Prediction of changes in habitat distribution of the alfalfa weevil (Hypera postica) using RCP climate change scenarios.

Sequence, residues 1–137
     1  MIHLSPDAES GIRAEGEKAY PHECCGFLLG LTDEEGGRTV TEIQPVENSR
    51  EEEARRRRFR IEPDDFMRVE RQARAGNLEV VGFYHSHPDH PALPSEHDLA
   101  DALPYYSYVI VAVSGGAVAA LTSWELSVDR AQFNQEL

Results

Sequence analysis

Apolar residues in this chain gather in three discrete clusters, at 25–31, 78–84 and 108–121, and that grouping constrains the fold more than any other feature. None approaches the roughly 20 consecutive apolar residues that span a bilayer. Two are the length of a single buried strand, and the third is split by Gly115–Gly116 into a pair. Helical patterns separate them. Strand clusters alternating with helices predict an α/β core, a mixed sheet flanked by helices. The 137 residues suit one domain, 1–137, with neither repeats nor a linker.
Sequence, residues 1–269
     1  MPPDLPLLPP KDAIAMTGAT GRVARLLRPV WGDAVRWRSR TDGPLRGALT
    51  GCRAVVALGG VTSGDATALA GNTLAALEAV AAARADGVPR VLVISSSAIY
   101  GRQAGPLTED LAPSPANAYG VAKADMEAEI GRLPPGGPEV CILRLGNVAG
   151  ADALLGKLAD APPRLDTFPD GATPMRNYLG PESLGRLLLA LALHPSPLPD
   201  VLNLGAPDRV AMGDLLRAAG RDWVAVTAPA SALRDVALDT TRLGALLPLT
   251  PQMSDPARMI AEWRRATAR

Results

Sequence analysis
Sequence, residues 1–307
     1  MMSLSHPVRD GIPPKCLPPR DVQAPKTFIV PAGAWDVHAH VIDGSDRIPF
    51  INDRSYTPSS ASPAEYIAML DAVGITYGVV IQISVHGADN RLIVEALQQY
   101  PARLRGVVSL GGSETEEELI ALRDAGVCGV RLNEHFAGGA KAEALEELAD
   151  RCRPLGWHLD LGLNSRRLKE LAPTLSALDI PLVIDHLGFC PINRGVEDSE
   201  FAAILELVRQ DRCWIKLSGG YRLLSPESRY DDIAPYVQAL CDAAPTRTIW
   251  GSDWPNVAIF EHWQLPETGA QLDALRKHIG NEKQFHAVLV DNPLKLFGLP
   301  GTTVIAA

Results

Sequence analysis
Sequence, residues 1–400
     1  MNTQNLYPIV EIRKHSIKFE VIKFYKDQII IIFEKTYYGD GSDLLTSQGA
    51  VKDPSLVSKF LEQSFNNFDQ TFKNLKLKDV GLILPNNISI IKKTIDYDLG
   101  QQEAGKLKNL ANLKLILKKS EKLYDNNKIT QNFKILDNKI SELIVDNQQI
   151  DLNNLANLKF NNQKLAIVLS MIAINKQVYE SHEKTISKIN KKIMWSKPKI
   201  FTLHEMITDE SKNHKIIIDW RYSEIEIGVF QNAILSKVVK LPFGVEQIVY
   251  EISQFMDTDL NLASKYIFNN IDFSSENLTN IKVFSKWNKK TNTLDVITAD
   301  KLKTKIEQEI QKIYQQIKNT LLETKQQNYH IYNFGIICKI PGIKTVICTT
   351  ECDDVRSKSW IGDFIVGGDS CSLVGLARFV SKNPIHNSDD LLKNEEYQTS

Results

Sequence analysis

Climate change can affect variables related to the life cycle of insects, including growth, development, survival, reproduction and distribution. As it encourages alien insects to rapidly spread and settle, climate change is regarded as one of the direct causes of decreased biodiversity because it disturbed ecosystems and reduces the population of native species. Hypera postica caused a great deal of damage in the southern provinces of Korea after it was first identified on Jeju Island in the 1990s. In recent years, the number of individuals moving to estivation sites has concerned scientists due to the crop damage and national proliferation. In this study, we examine how climate change could affect inhabitation of H. postica. The MaxEnt model was applied to estimate potential distributions of H. postica using future climate change scenarios, namely, representative concentration pathway (RCP) 4.5 and RCP 8.5. As variables of the model, this study used six bio-climates (bio3, bio6, bio10, bio12, bio14, and bio16) in consideration of the ecological characteristics of 66 areas where inhabitation of H. postica was confirmed from 2015 to 2017, and in consideration of the interrelation between prediction variables. The fitness of the model was measured at a considered potentially useful level of 0.765 on average, and the warmest quarter has a high contribution rate of 60-70%. Prediction models (RCP 4.5 and RCP 8.5) results for the year 2050 and 2070 indicated that H. postica habitats are projected to expand across the Korean peninsula due to increasing temperatures.